Computational Fluid Dynamics (CFD) is a modelling tool used to simulate and analyse fluid behavior in various systems, including those found in nuclear energy applications. For over two decades, the Nuclear Energy Agency’s Working Group on Analysis and Management of Accidents has been exploring the potential for Computational Fluid Dynamics (CFD) to be used to enhance nuclear safety.
This work has specifically been conducted through the establishment of the CFD-Task Group. The group is now in its 6th phase and recently 50 experts from 13 countries convened at a meeting hosted by EDF in Saclay, France on 15-16 June 2023.
CFD makes it possible to ‘revisit’ issues theoretically with a detailed local description. The WGAMA group has made progress on both numerical aspects and physical models. Thanks to efforts which have been invested to developing CFD code validation for nuclear applications, along with improvements in computing power, there has been an increased use of CFD in the field of nuclear reactor studies, including for safety assessments.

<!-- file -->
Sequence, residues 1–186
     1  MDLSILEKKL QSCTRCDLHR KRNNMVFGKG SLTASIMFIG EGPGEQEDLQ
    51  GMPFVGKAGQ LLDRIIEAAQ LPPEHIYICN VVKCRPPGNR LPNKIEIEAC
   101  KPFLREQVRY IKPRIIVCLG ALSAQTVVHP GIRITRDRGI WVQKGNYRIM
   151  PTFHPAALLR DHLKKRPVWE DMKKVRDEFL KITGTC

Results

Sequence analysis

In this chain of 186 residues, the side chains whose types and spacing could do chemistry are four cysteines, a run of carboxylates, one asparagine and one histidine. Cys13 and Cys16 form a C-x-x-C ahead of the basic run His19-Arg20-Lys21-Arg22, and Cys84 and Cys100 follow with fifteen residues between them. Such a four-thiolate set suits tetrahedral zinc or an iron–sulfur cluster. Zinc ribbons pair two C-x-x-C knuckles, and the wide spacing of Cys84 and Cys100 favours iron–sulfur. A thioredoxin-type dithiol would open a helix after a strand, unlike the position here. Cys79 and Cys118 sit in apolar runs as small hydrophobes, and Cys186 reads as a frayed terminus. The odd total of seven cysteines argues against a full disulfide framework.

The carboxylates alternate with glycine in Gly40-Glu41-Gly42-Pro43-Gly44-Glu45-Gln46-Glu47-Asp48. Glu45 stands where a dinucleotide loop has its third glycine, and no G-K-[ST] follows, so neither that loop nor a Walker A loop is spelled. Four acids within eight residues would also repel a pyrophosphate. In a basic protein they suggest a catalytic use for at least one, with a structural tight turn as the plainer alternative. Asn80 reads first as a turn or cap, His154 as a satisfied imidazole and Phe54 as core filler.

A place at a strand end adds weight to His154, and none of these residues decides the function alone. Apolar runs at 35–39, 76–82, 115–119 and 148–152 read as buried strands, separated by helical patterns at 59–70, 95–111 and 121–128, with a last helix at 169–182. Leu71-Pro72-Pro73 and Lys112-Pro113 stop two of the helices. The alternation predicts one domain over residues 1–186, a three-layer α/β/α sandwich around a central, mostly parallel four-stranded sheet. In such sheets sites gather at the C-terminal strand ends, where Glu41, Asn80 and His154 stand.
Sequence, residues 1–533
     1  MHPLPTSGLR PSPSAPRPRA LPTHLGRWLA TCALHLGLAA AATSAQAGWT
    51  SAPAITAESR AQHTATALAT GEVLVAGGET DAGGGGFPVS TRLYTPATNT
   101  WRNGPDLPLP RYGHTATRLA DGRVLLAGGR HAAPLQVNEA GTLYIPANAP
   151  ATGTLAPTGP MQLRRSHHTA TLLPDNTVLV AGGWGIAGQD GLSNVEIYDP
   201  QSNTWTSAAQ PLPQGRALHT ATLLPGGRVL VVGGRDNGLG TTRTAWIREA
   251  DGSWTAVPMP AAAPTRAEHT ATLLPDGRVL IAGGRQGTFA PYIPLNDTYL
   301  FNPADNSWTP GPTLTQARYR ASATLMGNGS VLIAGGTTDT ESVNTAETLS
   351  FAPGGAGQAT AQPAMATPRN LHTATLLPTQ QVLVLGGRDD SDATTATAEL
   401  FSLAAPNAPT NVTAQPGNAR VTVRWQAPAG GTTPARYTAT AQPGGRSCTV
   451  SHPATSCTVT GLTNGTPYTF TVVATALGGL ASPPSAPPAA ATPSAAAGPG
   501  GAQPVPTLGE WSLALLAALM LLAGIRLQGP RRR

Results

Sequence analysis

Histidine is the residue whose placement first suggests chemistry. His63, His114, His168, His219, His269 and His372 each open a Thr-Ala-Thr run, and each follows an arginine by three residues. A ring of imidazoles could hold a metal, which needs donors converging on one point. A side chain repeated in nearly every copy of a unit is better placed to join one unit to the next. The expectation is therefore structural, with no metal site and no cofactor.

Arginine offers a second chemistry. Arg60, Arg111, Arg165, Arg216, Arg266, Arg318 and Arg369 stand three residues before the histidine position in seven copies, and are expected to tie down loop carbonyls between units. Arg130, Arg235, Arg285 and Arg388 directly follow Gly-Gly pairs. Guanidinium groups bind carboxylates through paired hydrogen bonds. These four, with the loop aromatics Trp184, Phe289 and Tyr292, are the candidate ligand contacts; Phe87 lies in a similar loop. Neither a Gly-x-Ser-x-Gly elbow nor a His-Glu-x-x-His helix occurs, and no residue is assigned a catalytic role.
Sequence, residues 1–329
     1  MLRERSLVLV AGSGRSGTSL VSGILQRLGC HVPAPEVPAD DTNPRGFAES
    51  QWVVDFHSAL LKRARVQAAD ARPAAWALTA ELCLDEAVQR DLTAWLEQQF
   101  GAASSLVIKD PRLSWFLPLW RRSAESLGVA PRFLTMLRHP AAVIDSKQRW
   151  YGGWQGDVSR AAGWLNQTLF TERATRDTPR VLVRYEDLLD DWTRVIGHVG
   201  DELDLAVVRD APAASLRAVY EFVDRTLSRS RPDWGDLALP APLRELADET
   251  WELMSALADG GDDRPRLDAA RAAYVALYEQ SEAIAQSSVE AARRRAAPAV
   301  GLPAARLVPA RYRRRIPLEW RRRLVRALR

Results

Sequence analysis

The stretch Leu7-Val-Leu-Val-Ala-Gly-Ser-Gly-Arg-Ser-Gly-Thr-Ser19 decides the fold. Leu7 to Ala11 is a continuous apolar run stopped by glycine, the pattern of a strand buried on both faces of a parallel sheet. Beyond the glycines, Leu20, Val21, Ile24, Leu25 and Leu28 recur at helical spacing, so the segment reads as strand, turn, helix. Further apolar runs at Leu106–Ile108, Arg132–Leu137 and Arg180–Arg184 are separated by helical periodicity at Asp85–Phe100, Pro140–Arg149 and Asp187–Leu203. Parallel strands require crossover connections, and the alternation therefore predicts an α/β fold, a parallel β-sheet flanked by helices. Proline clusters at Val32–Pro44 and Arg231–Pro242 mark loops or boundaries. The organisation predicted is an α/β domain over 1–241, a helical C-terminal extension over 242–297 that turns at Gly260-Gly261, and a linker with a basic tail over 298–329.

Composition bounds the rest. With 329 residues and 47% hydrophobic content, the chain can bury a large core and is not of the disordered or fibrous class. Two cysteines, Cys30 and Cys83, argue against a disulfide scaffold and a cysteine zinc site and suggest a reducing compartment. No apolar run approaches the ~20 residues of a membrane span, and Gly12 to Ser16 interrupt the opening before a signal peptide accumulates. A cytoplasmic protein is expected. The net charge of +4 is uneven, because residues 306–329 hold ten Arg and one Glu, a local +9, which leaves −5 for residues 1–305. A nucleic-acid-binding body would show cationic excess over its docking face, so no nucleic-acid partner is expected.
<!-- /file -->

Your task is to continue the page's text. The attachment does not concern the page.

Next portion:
CFD is continuously evolving and showing improved capabilities for safety studies, mostly focusing on relatively small systems or partial components. However, its usage still remains limited and the goal of the CFD Task Group is to work towards broader usage for safety applications.
During the meeting, the group discussed several activities related to the databases needed for verification and validation of CFD codes, including a report on uncertainty quantification when the CFD results are applied to the nuclear safety assessment, and technical documents which aim to enable end-users to be able to assess the question, is the CFD approach adapted to my problem?
(Left to right) CFD Task Group Leaders: Mr Jan-Patrice Simomeau (EDF), Dr. Stephan Kelm (Forschungszentrum Juelich), Martina Adorni (NEA), Mr. Philippe Freydier (EDF), Dr. Hideo Nakamura (JAEA) and Dr. Pierre Ruyer (IRSN).
Visit our webpage for updates on the work of the Working Group on Analysis and Management of Accidents.